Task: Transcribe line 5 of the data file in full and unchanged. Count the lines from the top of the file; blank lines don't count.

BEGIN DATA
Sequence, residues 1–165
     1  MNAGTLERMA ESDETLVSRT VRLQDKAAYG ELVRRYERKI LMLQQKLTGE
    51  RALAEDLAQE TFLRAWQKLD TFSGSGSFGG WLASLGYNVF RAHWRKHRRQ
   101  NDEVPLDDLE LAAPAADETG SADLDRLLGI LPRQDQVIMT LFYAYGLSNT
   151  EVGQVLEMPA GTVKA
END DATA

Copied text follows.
   151  EVGQVLEMPA GTVKA